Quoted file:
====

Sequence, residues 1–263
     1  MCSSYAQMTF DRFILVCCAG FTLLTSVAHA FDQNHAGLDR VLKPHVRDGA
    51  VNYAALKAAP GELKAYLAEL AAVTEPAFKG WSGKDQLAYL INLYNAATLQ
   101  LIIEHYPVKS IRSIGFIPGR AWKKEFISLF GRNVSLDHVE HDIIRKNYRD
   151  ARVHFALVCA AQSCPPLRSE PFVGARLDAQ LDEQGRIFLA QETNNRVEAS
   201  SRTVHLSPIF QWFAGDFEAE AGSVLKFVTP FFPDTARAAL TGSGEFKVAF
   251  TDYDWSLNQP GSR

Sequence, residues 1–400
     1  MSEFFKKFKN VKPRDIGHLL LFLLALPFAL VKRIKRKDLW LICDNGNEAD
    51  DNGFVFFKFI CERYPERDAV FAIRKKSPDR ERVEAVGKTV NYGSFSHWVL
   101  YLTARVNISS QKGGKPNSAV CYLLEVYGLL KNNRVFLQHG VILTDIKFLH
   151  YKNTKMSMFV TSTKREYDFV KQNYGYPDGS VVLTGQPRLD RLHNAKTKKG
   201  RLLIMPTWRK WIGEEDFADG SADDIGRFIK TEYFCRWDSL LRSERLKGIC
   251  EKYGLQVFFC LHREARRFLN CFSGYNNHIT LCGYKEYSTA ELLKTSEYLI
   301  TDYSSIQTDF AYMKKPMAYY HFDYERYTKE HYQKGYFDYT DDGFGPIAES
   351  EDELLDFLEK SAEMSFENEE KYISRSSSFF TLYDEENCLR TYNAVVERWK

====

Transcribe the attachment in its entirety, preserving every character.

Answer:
Sequence, residues 1–263
     1  MCSSYAQMTF DRFILVCCAG FTLLTSVAHA FDQNHAGLDR VLKPHVRDGA
    51  VNYAALKAAP GELKAYLAEL AAVTEPAFKG WSGKDQLAYL INLYNAATLQ
   101  LIIEHYPVKS IRSIGFIPGR AWKKEFISLF GRNVSLDHVE HDIIRKNYRD
   151  ARVHFALVCA AQSCPPLRSE PFVGARLDAQ LDEQGRIFLA QETNNRVEAS
   201  SRTVHLSPIF QWFAGDFEAE AGSVLKFVTP FFPDTARAAL TGSGEFKVAF
   251  TDYDWSLNQP GSR

Sequence, residues 1–400
     1  MSEFFKKFKN VKPRDIGHLL LFLLALPFAL VKRIKRKDLW LICDNGNEAD
    51  DNGFVFFKFI CERYPERDAV FAIRKKSPDR ERVEAVGKTV NYGSFSHWVL
   101  YLTARVNISS QKGGKPNSAV CYLLEVYGLL KNNRVFLQHG VILTDIKFLH
   151  YKNTKMSMFV TSTKREYDFV KQNYGYPDGS VVLTGQPRLD RLHNAKTKKG
   201  RLLIMPTWRK WIGEEDFADG SADDIGRFIK TEYFCRWDSL LRSERLKGIC
   251  EKYGLQVFFC LHREARRFLN CFSGYNNHIT LCGYKEYSTA ELLKTSEYLI
   301  TDYSSIQTDF AYMKKPMAYY HFDYERYTKE HYQKGYFDYT DDGFGPIAES
   351  EDELLDFLEK SAEMSFENEE KYISRSSSFF TLYDEENCLR TYNAVVERWK